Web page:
UPDATED — On Sunday, with less than 16 hours before the Nifty Nut House opened in its new, expanded space, Head Nut Steve Jahn was slightly less jolly than Santa Claus on Christmas Eve.
“All the elves are driving me nuts,” Jahn said as workers scurried around him.
“I am off the charts with chaos here.”
It’s been almost three years since Jahn announced he was moving his popular candy and nut shop next door to his longtime store at Elm and St. Francis.
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“I’m ready to get it done. . . . I’m nearly there, and I feel like Moses in the Holy Land. I can see it, but I’m not supposed to be there. But apparently I am going to be there, so I’m all for that.”
In a nutshell, no pun intended, what exactly took so long?
“Well, I am a professional procrastinator, and with the exception of Christmas, we don’t need the room, so I can just kind of meander on with my normal chaos mind, and that’s what I did. So we got close, and then we don’t need it, and I wait, and I overestimate my abilities as far as speed’s concerned, so I finally just got over myself and got it done.”
The store is switching to its holiday hours on Monday — 8 a.m. to 6 p.m. Monday through Friday, 8 a.m. to 5 p.m. on Saturday and closed on Sunday — but there are no opening specials.
“We’re just going to get in here and work out the bugs,” Jahn said.
He has other anniversary giveaways and fun planned for 2019.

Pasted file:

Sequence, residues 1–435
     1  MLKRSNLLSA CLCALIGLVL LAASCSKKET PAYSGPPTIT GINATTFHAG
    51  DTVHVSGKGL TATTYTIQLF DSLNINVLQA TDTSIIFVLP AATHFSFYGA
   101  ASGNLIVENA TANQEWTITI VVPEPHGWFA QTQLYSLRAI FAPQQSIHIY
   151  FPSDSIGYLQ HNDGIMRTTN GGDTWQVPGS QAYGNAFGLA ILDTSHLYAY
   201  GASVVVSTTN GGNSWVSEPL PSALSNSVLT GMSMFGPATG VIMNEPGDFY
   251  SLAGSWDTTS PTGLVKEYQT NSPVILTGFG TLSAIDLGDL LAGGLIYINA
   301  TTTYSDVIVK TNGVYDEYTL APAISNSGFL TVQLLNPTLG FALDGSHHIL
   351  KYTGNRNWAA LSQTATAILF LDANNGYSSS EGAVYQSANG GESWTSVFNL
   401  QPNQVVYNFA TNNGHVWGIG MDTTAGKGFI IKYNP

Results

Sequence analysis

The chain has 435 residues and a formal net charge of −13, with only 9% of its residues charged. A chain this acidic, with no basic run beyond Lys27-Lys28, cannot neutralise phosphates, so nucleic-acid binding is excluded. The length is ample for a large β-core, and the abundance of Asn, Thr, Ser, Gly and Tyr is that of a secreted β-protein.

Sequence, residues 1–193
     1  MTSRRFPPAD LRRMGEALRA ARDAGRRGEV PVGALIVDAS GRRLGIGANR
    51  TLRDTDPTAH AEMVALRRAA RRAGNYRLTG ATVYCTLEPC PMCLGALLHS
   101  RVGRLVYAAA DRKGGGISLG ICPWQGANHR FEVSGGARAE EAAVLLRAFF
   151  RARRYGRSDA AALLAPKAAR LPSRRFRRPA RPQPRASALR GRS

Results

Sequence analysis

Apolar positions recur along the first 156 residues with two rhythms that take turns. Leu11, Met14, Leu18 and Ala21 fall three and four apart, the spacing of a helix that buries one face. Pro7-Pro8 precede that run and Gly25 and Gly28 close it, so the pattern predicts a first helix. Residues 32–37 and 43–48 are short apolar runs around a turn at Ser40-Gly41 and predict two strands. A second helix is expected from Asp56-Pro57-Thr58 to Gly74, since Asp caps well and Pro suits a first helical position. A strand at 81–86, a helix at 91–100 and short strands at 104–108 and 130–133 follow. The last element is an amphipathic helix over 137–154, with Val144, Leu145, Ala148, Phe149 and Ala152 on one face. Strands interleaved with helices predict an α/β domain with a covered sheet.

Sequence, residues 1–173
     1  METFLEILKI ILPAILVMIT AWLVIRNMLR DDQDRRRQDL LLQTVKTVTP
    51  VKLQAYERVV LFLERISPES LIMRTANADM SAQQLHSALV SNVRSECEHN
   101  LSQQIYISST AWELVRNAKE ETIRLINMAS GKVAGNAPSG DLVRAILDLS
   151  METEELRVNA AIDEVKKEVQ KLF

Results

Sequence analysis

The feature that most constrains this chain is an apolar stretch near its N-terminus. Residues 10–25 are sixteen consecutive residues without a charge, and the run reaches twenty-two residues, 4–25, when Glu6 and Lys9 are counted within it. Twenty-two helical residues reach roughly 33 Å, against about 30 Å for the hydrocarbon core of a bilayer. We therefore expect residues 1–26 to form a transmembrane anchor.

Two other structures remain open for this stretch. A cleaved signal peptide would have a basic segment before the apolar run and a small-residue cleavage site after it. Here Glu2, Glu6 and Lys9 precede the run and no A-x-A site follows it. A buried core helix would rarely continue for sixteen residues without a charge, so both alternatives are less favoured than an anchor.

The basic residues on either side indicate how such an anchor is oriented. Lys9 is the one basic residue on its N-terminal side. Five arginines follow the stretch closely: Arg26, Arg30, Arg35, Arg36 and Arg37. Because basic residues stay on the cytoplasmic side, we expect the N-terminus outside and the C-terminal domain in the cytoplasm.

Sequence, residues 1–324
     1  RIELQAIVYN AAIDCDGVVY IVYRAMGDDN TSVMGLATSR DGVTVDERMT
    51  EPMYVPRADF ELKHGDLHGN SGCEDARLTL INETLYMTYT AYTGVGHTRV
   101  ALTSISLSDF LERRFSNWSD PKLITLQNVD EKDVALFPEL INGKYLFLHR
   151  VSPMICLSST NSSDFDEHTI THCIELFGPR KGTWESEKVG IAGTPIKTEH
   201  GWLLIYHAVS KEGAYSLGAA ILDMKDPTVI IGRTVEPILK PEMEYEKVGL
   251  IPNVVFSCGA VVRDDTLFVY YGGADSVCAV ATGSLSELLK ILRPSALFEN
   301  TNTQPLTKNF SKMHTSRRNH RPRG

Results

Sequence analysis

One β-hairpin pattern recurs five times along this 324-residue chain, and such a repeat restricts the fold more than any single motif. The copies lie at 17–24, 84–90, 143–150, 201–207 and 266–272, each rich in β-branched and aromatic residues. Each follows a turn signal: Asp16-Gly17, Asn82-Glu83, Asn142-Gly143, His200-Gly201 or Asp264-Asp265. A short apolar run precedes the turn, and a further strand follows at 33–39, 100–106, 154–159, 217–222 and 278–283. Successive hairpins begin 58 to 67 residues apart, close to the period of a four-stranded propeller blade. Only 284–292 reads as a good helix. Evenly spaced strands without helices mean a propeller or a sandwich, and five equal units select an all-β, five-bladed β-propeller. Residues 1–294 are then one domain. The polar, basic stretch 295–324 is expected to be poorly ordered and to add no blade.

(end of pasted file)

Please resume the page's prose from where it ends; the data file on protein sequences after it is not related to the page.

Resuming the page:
At 10,000 square feet, the new store is only about 1,500 square feet larger than the previous one, but it feels significantly more spacious.
“It’ll feel very similar to what it was, just with a little more flow,” Jahn said.
Organic nuts are in the front with other nuts next to them followed by baking supplies and, in the back of the store, candy.
“We did that so the little ladies that bake don’t have to walk into the store so far. That’s how it was set up by my father years ago, and we just kind of continued that.”
Jahn’s father, Ron, had a vending route from 1968 to 1973 and sold the route to buy Nifty Nut House, which was the wholesale supplier for the vending company.
Jahn worked with his father starting when he was 8 years old in 1968.
“I was the mule hauling candy.”
The two always sold gumball machines and the candy for them, and Jahn finally has room to display his collection of them in a way he couldn’t at the old store.
“Now you can see my hoarding in its entirety.”
There are gumball machines lining the tops of shelves around the perimeter of the store and the interior as well. They’re everywhere.
Jahn pointed out that there are now also automatic doors to make exiting with lots of bags easier, and there is seating and plenty of restrooms, too, unlike the last space.
The previous store now will be used for roasting nuts and packing gift boxes.
With only an additional 1,500 square feet, it’s natural to ask if the new store is likely to run out of room again.
“Probably,” Jahn said, “but not tomorrow.”
With so much going on in the final hours before the opening, it also was fair to ask if Jahn truly would be ready.
“Ready or not, here we go,” he said.
“Our elves are tired but they’re going to be here bright and chipper in the morning.”
On Monday, Jahn reported that the store did open, even if his employees weren’t exactly chipper getting everything ready in the 7 o’clock hour.
“Ah, they were bright. We’ll just leave it at that.”
Jahn said Mrs. Claus, better known as his wife, Michelle, was exhausted and he was going to send her home to rest.
He, however, was wound up.
“I did some triple espresso shots.”
Jahn had hoped his three sons — Caden, 15, and 12-year-old twins Connor and Crestin — would be there for the 8 a.m. opening, but they were running late.
“I don’t know where they learned that.”